Iran Democracy Monitor No. 203

Related Categories: Democracy and Governance; Human Rights and Humanitarian Issues; Islamic Extremism; Iran

On January 3rd, an American drone strike killed Qassem Soleimani, Iran's most prominent military commander and head of the regime's Qods Force paramilitary wing, in Iraq. The targeted killing came in response to escalating anti-U.S. activities by Iranian proxy forces, including the storming of the U.S. embassy in Baghdad just days earlier. In the aftermath of Soleimani's killing, the Iranian regime vowed retaliation, and subsequently carried out a rocket attack on military bases housing U.S. personnel in Iraq. The Trump administration chose not to escalate the situation, instead leveling new sanctions against Tehran. The episode, however, has heightened U.S.-Iranian tensions and galvanized international attitudes, while the Iranian regime's handling of the situation has ignited a new round of unrest within the Islamic Republic. In this special issue of the Iran Democracy Monitor, we examine the most significant aspects of the crisis so far.

Will the Iranian regime continue to attack U.S. interests in the Middle East? Iranian foreign minister Javad Zarif appeared to suggest that the January 8th rocket attacks represented the sum total of Iran's retaliation, which had "concluded." However, Iranian Supreme Leader Ali Khamenei was quick to clarify that, while Iran's missile attack constituted a "slap" to the United States, it was "not enough" and the Islamic Republic would continue its opposition to the United States, with the ultimate goal of driving America out if the region altogether.

Doing so, however, is likely to prove difficult for the Iranian regime - at least in conventional terms. A new analysis by CNBC notes that U.S. sanctions over the past two years have inflicted extensive damage on the Iranian economy, causing a major constriction in GDP (which declined by nearly 10 percent last year). Iran's exports of crude oil have also plummeted, declining from 2.5 million barrels daily in 2011 to less than 500,000 barrels a day presently. Simultaneously, inflation is on the rise (currently pegged at over 30%), while nearly a fifth of the country's workforce is unemployed. All this, coupled with mounting government expenditures, limit Iran's "ability to fund a war" against the United States, the analysis concludes. However, it notes, Iran still has the option to "ramp up its aggression against the U.S." through the use of its extensive network of proxy forces in the region. (CNBC, January 8, 2020)

In the early morning of January 8th, just hours after Iranian forces fired rockets at military installations in Iraq, the Iranian regime made a major unforced error. As Tehran has been forced to acknowledge, an IRGC commander inadvertently shot down a Ukrainian civilian airliner as it took off from Imam Khomeini International Airport in Tehran, mistaking the craft for an enemy projectile, killing all 176 passengers on board. Iran's regime initially attempted to cover up the reasons for the crash, but as international attention mounted it admitted its responsibility. By doing so, however, it unleashed a new round of protests in Tehran and other urban centers - unrest that remains underway despite repeated regime crackdowns.

Unable to quell the dissent, Iran's regime is now seeking to mollify the protestors. Iranian Supreme Leader Ali Khamenei has announced plans to convene a special tribunal to assess the incident, and ostensibly to ascribe blame to culpable military officials. In the meantime, however, the regime is trying to keep a lid on information surrounding the tragedy; the Revolutionary Guards are known to have arrested at least one citizen who had documented the downing of the aircraft. (New York Times, January 14, 2020)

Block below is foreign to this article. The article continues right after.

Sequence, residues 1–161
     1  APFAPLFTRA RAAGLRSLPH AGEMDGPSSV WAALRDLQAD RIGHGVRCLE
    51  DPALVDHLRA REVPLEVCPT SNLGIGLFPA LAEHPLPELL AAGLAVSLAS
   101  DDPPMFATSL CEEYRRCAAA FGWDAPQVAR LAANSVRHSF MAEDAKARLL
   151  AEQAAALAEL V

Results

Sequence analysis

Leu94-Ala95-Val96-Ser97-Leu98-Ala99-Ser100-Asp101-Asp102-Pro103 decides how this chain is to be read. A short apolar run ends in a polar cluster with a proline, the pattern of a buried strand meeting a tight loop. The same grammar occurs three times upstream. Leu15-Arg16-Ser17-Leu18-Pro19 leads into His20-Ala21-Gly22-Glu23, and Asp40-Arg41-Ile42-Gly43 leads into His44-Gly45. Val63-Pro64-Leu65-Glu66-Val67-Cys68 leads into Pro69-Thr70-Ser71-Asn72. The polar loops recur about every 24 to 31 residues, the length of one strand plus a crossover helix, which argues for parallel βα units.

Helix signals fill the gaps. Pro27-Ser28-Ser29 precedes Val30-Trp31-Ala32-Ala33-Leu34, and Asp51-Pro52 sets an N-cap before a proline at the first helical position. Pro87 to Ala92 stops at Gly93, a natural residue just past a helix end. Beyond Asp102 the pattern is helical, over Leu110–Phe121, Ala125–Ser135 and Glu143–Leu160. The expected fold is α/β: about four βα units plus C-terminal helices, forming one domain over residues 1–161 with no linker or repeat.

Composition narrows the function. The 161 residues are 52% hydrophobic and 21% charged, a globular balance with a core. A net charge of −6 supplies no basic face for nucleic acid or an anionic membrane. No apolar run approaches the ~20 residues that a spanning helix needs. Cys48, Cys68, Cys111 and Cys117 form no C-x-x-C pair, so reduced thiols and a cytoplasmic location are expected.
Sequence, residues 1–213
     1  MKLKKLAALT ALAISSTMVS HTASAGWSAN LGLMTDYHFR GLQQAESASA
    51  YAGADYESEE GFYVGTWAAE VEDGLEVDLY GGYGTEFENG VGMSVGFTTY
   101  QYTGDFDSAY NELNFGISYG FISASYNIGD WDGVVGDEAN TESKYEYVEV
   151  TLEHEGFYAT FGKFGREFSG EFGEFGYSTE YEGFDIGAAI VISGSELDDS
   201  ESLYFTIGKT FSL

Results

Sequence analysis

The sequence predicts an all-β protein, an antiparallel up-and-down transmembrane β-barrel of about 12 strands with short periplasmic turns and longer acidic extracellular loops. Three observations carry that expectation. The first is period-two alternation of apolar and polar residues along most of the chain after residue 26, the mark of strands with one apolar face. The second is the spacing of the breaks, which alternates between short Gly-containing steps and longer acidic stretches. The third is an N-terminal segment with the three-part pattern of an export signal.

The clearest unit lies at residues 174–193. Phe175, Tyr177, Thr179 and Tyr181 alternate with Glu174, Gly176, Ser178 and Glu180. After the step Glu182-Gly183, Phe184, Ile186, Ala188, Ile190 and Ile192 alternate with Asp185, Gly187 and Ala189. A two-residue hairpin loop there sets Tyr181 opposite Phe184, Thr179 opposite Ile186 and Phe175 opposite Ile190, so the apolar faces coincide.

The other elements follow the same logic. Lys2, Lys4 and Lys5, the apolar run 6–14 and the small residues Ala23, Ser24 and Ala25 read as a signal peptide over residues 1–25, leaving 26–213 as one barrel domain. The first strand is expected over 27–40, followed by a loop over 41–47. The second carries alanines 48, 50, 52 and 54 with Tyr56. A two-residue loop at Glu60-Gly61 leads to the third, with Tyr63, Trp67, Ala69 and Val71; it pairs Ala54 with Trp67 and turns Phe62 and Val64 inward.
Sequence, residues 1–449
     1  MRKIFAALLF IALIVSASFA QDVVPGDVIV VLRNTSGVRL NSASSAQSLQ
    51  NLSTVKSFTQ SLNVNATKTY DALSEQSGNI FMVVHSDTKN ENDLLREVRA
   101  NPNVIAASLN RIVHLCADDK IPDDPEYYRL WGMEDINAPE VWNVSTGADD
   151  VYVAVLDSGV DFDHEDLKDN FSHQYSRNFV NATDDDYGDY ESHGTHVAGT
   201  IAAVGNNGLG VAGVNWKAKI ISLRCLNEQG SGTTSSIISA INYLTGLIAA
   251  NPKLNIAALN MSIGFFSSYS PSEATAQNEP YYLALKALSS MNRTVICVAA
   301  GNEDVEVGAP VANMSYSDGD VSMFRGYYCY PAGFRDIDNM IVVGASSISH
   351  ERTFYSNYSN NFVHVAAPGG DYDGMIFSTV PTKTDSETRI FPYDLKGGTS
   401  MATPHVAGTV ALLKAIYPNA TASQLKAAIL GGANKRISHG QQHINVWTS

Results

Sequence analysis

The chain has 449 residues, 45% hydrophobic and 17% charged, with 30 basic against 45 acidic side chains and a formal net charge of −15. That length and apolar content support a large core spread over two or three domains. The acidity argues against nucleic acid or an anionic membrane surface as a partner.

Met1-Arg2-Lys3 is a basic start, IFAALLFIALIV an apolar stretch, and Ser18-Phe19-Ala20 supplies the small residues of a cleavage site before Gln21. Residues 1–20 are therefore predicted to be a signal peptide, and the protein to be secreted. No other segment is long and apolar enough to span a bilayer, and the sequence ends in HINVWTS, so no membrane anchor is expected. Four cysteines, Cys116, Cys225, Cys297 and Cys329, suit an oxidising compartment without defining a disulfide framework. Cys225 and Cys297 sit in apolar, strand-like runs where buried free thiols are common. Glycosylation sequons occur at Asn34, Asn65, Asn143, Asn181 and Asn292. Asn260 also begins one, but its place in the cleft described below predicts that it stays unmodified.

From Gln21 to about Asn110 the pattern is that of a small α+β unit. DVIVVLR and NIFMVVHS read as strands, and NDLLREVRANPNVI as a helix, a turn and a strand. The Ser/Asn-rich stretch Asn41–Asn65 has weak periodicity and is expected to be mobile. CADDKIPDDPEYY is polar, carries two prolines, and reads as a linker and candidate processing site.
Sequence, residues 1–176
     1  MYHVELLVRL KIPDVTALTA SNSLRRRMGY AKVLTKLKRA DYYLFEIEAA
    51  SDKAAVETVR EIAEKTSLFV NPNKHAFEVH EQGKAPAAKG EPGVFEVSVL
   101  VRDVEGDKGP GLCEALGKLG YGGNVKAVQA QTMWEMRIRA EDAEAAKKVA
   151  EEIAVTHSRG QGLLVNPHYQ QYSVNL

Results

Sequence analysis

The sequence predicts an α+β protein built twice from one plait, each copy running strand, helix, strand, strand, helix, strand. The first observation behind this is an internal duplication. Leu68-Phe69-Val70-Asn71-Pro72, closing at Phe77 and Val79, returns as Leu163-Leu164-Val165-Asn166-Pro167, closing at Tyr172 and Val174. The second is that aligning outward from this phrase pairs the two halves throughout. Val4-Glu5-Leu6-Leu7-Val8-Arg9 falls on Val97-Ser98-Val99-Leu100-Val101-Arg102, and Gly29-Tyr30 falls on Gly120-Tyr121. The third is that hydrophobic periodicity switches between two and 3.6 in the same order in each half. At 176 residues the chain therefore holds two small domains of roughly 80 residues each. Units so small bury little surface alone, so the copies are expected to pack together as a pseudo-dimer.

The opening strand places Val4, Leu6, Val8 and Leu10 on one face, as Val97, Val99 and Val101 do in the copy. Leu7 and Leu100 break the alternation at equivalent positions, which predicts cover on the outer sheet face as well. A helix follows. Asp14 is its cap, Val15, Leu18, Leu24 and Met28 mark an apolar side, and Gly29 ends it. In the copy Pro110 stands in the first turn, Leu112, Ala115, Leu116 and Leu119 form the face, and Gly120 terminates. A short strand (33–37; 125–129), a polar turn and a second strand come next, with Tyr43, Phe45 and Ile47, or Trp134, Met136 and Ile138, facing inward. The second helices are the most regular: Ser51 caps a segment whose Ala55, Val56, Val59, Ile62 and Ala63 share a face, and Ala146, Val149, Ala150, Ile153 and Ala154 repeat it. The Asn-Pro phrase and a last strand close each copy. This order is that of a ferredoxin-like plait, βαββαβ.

The downing of the Ukrainian airliner has roiled Tehran's relations with a host of foreign nations. Ukrainian President Volodymyr Zelensky has demanded both punishment and compensation from the Iranian regime for the incident, as has Canadian Prime Minister Justin Trudeau (because more than 60 of the passengers were Canadian nationals), and the two leaders are coordinating their responses to the crisis. Tehran's ties to London have also frayed considerably, after Iranian security forces inadvertently arrested and temporarily detained Britain's ambassador to Iran, Rob Macaire, during the initial surge of protests in Tehran. The British government has decried the detention as a "violation of international law." (Guardian, January 12, 2020; National Post, January 14, 2020)

Europe, meanwhile, is taking a tougher stance with the Islamic Republic regarding its nuclear commitments. In its initial response to the Soleimani killing, Tehran signalled that it was taking concrete steps to withdraw from the 2015 nuclear deal it had concluded with the West (although Iranian officials subsequently said that the steps were "reversible" in nature). The E3 countries - France, Germany, and the UK - subsequently announced that they were activating the agreement's "dispute resolution mechanism," because Iran was failing to live up to its agreements under the pact. "We do not accept the argument that Iran is entitled to reduce compliance with the [agreement]," the countries said in a joint statement. The process could eventually lead to the reimposition of UN sanctions on Iran.

Tehran, however, has rejected the European pressure - and warned the continent of potentially disastrous consequences. Iran's president, Hassan Rouhani, has warned European governments that greater pressure on the Islamic Republic could put European troops in the Middle East at risk. "Today, the American soldier is in danger, tomorrow the European soldier could be in danger," Rouhani threatened in a televised address. (Al Jazeera, January 14, 2020; Guardian, January 15, 2020)